The role of DDAH1 in angiogenesis

Author: Negara Tajbakhsh

Tajbakhsh, Negara, 2022 The role of DDAH1 in angiogenesis, Flinders University, College of Medicine and Public Health

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Angiogenesis is the formation of new blood vessels from pre-existing ones. Although angiogenesis provides organs and tissues with oxygen and nutrients, excessive angiogenesis could potentially contribute to a variety of diseases including Alzheimer’s, AIDS, cancer, ocular diseases, arthritis, and psoriasis.

The vascular endothelial growth factor-A (VEGF-A) in endothelial cells plays a crucial role in angiogenesis. VEGF-mediated angiogenesis requires nitric oxide (NO˙), a key signalling molecule produced by the nitric oxide synthase (NOS) family of enzymes. However, overproduction of this molecule can lead to various disorders.

Dimethylarginine dimethylaminohydrolase-1 (DDAH1) is a key enzyme in the NO˙ regulation, metabolising asymmetric dimethylarginine (ADMA) and monomethyl arginine (L-NMMA). These methylarginines are endogenous inhibitors of NOS. The resulting decrease in NO˙ production leads to angiogenesis downregulation. Inhibition of DDAH1 reduces excessive angiogenesis via increasing ADMA and L-NMMA accumulation, representing a promising strategy in the treatment of NO˙ overproduction.

In this work, the anti-angiogenic effect of novel small molecule DDAH1 inhibitors was tested. The toxic effect of three of the most potent DDAH1 inhibitor molecules (ZST316, ZST152, and ZST086) were investigated using cell viability assays (Sulforhodamine B and crystal violet) and real-time analysis of cell proliferation (IncuCyte and xCELLigence). The results indicated no toxic effects in neuronal or endothelial cell models (PC-12, SH-SY5Y, and VeraVec cells).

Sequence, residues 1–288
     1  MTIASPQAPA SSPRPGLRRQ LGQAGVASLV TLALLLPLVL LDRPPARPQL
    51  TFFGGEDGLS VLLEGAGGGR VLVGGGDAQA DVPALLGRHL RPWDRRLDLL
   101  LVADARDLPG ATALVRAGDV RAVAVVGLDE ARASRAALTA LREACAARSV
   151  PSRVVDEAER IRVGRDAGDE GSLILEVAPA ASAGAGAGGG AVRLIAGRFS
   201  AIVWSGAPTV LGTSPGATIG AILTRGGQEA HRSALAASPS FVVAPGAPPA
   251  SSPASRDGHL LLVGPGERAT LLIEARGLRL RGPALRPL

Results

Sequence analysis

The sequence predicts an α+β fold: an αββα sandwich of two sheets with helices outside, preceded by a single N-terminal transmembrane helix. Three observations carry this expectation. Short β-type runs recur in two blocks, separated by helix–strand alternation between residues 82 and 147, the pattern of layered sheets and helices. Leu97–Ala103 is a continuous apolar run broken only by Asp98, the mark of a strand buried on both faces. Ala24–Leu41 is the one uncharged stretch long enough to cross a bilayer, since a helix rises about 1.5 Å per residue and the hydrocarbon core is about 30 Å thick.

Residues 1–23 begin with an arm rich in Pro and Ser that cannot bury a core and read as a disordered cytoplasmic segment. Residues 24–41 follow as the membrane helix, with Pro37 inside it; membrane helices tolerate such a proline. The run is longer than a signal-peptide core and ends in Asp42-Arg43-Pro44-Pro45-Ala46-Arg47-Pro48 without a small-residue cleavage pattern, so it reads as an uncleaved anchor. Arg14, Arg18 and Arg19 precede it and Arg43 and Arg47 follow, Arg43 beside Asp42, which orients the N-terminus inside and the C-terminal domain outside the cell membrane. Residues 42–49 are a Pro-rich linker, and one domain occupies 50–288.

Pharmacological DDAH1 inhibition significantly reduced endothelial cell tube formation in-vitro. Furthermore, we investigated the potential positive correlation between DDAH1 and VEGF-A (as an essential mediator of angiogenesis), by testing the effect of VEGF-A up- (hypoxia) and down-regulation (siRNA) on DDAH1 expression. While hypoxia-mediated VEGF-A overexpression suppressed DDAH1 protein expression, siRNA-mediated knockdown of VEGF-A, led to DDAH1 protein rise. Mass spectrometry (MS) analysis, was planned to investigate the affected angiogenic signalling pathways by the inhibitors. However, due to limited endothelial cell availability, an alternative set of experiments was conducted in non-endothelial cells that contain proteins involved in angiogenesis, HEK-293T cells, aiming to investigate the potential off-target effects of the putative drug candidates in non-endothelial cells. ZST316 showed some off-target effects based on protein abundance measurements. However, the level of changes was only 1-2% of all analysed proteins. Importantly, while ZST316 treatment caused no change in DDAH1 expression, whereas DDAH2 protein was upregulated by two-folds, which might represent a compensatory effect of the isoforms on ADMA metabolism. Pathway analysis (InnateDB) was performed to identify the main biochemical pathways enriched by the differentially expressed proteins. Limited changes were observed in the signalling pathway profile of HEK-293T cells, which might be due to a DDAH2-mediated compensatory effect following DDAH1 inhibition. Overall, the minimal effect of ZST316 treatment on the biological pathways of HEK-293T cells, including apoptosis and angiogenesis, rules out the presence of tangible off-target effects at least in this cell line.

The mass spectrometry analysis requires further investigations on the effect of DDAH1 inhibitors on endothelial and non-endothelial cells, followed by in vivo studies to confirm the presence of tangible anti-angiogenic effects without overt systemic toxicity.

Keywords: Dimethylarginine dimethylaminohydrolase-1 (DDAH1), angiogenesis, ZST

Subject: Clinical Pharmacology thesis

Thesis type: Doctor of Philosophy
Completed: 2022
School: College of Medicine and Public Health
Supervisor: Prof. Arduino Mangoni